I need to review the symbols: +, -, and = with my students. I have several students who are still struggling with what each of these symbols are called and when to use them. I will pre-cut index cards into 3 separate pieces and give each student the 3 pieces. I will ask them to write a minus sign on one, a plus sign on another, and an equals sign on another. Then I will proceed with the following requests and questions:
I will ask my students to look at their neighbors' answers and discuss as I walk the room. Students will be checking each others answers and this will help me check everyone's understanding. Also, it will encourage the students to discuss each others choices and ensure accuracy.
First graders often mix the = symbol with + and -. I have been teaching addition for 6 days now and I still have a few students that look at a + sign and say equals and vice-versa. This lesson helps students practice using the equals sign and gives them the opportunity to examine a problem to decide if it is true or false (1.OA.D.7). The terms "true" and "false" are new to first graders, and I know I must provide direct instruction and relate them to terms they know, "right" and "wrong/incorrect."
I will begin this lesson by reminding my students what the = (equals) symbol represents and how we use it. Students must learn that symbols are used to represent a problem. My students began using it during our comparing numbers unit and should have a good idea, but I know I will have a few that need a reminder.
I will begin with writing the following problem on the board:
I will use this problem as a starting point for my discussion that whatever is on either side of the equals sign, the other side must be the same. This problem will be easy to point this out because they are not identical numbers. This statement is false. Next, I will write:
This will help me point out that, now, on the left side of the sign, these numbers add to 7, and on the right side is a 7, so they are equal. This statement is true.
I will show more true and false examples:
While I present these problems I will change my wording and ask students both, "are they equal?" and "is it true/is it false?" I will have them help me solve these problems by using our fingers or class number line to find the answers.
I will write "true" or "false" next to the problems on the board when they answer me and point out that "true" starts with a T and "false" starts with an F. This will prepare them for our independent practice portion of today's lesson.
My students need lots of practice in thinking about addition problems and deciding if they are right or wrong. My whole group interaction piece will have taught my students right or wrong also means true or false. We talked about how true starts with a T and false starts with an F. Now we get to play a game.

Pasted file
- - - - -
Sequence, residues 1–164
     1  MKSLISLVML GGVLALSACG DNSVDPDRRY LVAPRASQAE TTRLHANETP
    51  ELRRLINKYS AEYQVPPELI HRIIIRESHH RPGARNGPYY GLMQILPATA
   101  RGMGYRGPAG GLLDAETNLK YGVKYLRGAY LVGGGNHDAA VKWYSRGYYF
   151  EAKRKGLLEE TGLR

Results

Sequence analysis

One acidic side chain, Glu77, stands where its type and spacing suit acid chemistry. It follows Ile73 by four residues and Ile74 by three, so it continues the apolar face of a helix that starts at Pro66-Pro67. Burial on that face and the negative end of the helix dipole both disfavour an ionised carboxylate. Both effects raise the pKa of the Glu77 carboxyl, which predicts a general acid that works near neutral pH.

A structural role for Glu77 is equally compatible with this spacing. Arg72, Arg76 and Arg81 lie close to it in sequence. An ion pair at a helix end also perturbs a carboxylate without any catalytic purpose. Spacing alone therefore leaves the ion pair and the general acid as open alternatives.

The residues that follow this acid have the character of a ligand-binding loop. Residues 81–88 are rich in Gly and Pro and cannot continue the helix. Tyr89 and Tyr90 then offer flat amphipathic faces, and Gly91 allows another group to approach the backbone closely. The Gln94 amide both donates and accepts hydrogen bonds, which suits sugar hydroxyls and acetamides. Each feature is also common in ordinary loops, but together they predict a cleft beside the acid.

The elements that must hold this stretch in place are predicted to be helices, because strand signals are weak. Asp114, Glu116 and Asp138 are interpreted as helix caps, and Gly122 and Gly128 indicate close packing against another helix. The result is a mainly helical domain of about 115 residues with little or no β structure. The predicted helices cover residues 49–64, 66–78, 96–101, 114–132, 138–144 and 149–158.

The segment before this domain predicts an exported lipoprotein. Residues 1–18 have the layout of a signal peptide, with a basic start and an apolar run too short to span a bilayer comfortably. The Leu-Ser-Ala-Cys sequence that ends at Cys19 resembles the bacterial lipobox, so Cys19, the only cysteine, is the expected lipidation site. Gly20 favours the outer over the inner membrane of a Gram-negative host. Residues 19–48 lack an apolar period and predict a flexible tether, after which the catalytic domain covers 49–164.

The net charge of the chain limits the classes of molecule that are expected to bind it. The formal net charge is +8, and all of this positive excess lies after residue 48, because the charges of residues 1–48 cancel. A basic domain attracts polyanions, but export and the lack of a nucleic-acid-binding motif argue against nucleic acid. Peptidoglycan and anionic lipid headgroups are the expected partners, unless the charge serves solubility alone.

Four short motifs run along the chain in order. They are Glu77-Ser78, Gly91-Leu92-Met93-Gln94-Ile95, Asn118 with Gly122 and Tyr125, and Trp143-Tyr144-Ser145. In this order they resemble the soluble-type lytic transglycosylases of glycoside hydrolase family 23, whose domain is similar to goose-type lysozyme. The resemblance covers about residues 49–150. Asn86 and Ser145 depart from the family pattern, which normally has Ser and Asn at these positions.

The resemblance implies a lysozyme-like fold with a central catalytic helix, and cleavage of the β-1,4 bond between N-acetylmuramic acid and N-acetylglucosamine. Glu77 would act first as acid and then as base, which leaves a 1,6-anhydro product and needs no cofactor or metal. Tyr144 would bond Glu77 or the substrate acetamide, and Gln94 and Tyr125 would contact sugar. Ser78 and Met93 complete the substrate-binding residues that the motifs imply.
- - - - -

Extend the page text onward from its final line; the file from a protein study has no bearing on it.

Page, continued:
The game of "Scoot" can be created for any topic and what I really like about it, is it gets them up and moving and provides multiple problems to solve. You can create as many problems as you like, and, in my case, I created one for every child in the room: 24. The game consists of 24 cards that I place at different spots around the classroom. I position each child at one card with their recording sheet (Scoot Addition T or F). The recording sheet will have a corresponding number to each card in the room. The student will look at the card in front of them and solve the problem on the card and record their answer in the correct box on their sheet. They will show me their sign that they are finished (usually hands on head). When I have everyone ready, I will give my signal that it is time to "Scoot," and they will move to another card.
I will begin by picking three cards and showing my students how each card was labeled with a number. The students must find the corresponding number on their recording sheet. We will discuss the problem and decide together if it is T or F. Then we will write the answer in that square. If this is enough practice, I will allow them to begin "scooting" (watch the video, Student playing scoot, as we begin our first game of Scoot; also, you can look at the Student Answer Sheets to see student recording sheets that portray a variety of understanding of this standard). If I continue to see students struggling with the game instructions or solving problems I will assign him or her a partner to scoot with.
A good point here will be to give them a signal to use when they are done recording their answer, or you will not know when you can have them scoot again. I will have them put their hands on their head when they are finished with each problem. Also, you may want to have a plan for what direction you want your kids to move in. My plan is for students to rotate around their group's desks then I will switch them with another group and rotate there until they have went to every group.
I want to give my students an opportunity to summarize their learning, and I want to hear in their words what they learned today. I will ask my students to turn to their neighbor and explain what an equals sign is and how do we use it. I will be walking around and listening to my students explanations.